How cooking food and gathering feasts made us human

When you cook Thanksgiving dinner or just turn up to feast, you’re part of a long human history — one that predates our own species.

Some scientists estimate that almost 2 million years ago, our early human cousins ​​used fire to cook their food, well before Homo sapiens appeared.

And a recent study found what may be the earliest known evidence of this rudimentary preparation: the remains of a fried carp meal from 780,000 years ago.

Cooking food was more than just a lifestyle change for our ancestors. It helped fuel our evolution, gave us bigger brains—and later became the centerpiece of the festival rituals that brought communities together.

“The history of human evolution seems to be the history of what we eat,” said Matt Sponheimer, an anthropologist at the University of Colorado at Boulder who has studied the diets of early human ancestors.

The new study, published in the journal Nature Ecology and Evolution, is based on material from Gesher Benot Ya’aqov in Israel — a watery site on the shore of an ancient lake.

Artifacts from the area suggest it was home to a community of Homo erectus, an extinct species of early humans who walked upright, explained lead author Irit Zohar of Tel Aviv University.

Over years of “digging in the mud” at the site, researchers examined a curious catch of fish remains, specifically teeth, said Naama Goren-Inbar, an archaeologist at the Hebrew University of Jerusalem who led the excavation.

Many were from a few large carp species, and they were clustered around specific spots on the site — places where researchers also found signs of fire. Tests showed the teeth were hot but not exposed to super hot temperatures. This suggests the fish was cooked low and slow, rather than thrown directly onto a fire, Zohar explained.

With all this evidence together, the authors concluded that these human cousins ​​had been using fire for cooking more than three quarters of a million years ago. This is much earlier than the next oldest evidence of cooking, which showed Stone Age people in South Africa eating charred roots.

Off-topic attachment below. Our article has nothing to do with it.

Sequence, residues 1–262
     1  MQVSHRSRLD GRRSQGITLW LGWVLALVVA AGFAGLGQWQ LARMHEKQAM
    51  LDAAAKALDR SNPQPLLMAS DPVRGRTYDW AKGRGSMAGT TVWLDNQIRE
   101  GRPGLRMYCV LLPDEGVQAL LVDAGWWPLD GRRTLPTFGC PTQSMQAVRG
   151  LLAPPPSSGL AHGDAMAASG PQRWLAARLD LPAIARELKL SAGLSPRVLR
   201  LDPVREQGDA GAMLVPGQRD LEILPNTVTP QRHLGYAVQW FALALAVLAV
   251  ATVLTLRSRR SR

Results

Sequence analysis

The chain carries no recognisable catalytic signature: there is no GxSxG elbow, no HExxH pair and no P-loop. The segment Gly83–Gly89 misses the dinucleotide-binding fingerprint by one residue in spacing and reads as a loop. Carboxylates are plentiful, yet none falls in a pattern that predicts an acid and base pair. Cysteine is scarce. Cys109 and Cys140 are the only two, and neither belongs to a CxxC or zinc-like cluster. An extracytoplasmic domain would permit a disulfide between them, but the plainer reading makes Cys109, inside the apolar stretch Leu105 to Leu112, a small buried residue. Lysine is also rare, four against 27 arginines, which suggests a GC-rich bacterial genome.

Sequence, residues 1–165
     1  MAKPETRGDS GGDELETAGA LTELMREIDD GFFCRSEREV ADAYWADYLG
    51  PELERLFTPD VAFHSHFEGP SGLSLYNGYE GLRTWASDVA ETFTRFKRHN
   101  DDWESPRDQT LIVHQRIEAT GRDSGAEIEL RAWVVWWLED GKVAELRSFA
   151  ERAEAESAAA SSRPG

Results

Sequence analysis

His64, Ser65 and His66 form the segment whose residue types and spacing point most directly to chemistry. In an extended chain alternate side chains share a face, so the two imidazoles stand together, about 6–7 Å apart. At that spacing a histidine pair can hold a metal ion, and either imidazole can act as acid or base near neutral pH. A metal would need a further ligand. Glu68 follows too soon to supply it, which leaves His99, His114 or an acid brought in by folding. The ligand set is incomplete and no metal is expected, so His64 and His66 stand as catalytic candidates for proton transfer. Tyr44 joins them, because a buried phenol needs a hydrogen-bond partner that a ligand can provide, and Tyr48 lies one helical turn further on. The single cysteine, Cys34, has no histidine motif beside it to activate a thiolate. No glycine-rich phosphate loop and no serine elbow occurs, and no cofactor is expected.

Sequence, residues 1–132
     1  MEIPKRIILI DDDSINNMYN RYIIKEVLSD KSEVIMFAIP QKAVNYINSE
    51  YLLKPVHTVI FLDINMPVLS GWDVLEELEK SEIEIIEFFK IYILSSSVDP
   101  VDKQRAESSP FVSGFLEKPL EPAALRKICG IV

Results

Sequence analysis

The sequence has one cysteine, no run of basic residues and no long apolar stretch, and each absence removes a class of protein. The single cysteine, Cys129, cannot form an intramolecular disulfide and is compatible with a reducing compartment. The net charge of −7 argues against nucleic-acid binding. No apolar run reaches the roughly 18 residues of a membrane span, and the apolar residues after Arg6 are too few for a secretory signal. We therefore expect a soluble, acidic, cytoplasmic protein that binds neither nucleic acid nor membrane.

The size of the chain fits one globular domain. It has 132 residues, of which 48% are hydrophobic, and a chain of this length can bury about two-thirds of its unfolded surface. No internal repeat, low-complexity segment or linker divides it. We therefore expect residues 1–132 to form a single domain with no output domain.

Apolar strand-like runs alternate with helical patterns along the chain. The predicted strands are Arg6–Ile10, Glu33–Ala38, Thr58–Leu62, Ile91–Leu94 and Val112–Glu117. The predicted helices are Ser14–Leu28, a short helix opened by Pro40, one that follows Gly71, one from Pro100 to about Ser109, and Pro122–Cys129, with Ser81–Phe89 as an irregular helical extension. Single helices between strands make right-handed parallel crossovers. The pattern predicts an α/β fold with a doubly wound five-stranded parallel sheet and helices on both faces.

The researchers – like many of their colleagues – believe cooking began long before that, although physical evidence has been difficult to find.

“I’m sure an earlier case will be reported in the near future,” study author Israel Hershkovitz of Tel Aviv University said in an email.

This is partly because harnessing fire as food was a key step in human evolution.

Cooking food makes it easier for the body to digest and absorb nutrients, explained David Braun, an archaeologist at George Washington University who was not involved in the study. So when early humans figured out how to cook, they gained access to more energy that they could use to power larger brains.

Based on how human ancestors’ brains and bodies evolved, scientists estimate that the art of cooking should have emerged almost 2 million years ago.

“When we eat raw food out there, it’s very difficult to do it as a large-bodied primate,” Braun said.

Those early cooked meals were a far cry from today’s turkey meals. And in the many, many years in between, people started eating not just for fuel, but for community.

In a 2010 study, researchers described the earliest evidence of a feast — a specially prepared meal that brought people together for an occasion in a cave in Israel 12,000 years ago.

The cave used as a burial site contained the remains of a special woman who appeared to be a shaman for her community, said Natalie Munro, a University of Connecticut anthropologist who led the study.

Apparently her people held a festival in honor of her death. Munro and her team found a large number of animal remains on site – including enough turtles and wild cattle to create a hearty spread.

This “first festival” came from another important transition point in human history, just as hunter-gatherers began to settle into more permanent living situations, Munro said. Getting together for special meals might have been a way to build community and ease tension now that people were more or less holding on to each other, she said.

And while the typical feast no longer involves munching turtle meat in burial caves, Munro sees that she still sees many of the same roles — sharing information, making connections, vying for status — in our modern gatherings.

“It’s something that’s just human,” Munro said. “And to see the early evidence of this is exciting.”

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